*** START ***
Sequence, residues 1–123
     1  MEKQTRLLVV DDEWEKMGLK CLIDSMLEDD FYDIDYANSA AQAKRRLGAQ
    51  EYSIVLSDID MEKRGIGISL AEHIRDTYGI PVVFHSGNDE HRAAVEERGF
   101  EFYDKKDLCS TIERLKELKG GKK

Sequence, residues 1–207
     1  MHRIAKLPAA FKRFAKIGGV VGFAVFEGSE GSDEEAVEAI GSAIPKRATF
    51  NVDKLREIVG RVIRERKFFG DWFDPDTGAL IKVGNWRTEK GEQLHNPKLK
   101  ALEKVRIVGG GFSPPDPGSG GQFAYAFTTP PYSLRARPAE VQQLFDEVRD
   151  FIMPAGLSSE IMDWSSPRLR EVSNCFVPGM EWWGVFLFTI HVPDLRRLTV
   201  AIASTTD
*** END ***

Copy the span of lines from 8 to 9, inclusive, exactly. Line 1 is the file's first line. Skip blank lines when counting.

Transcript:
   101  ALEKVRIVGG GFSPPDPGSG GQFAYAFTTP PYSLRARPAE VQQLFDEVRD
   151  FIMPAGLSSE IMDWSSPRLR EVSNCFVPGM EWWGVFLFTI HVPDLRRLTV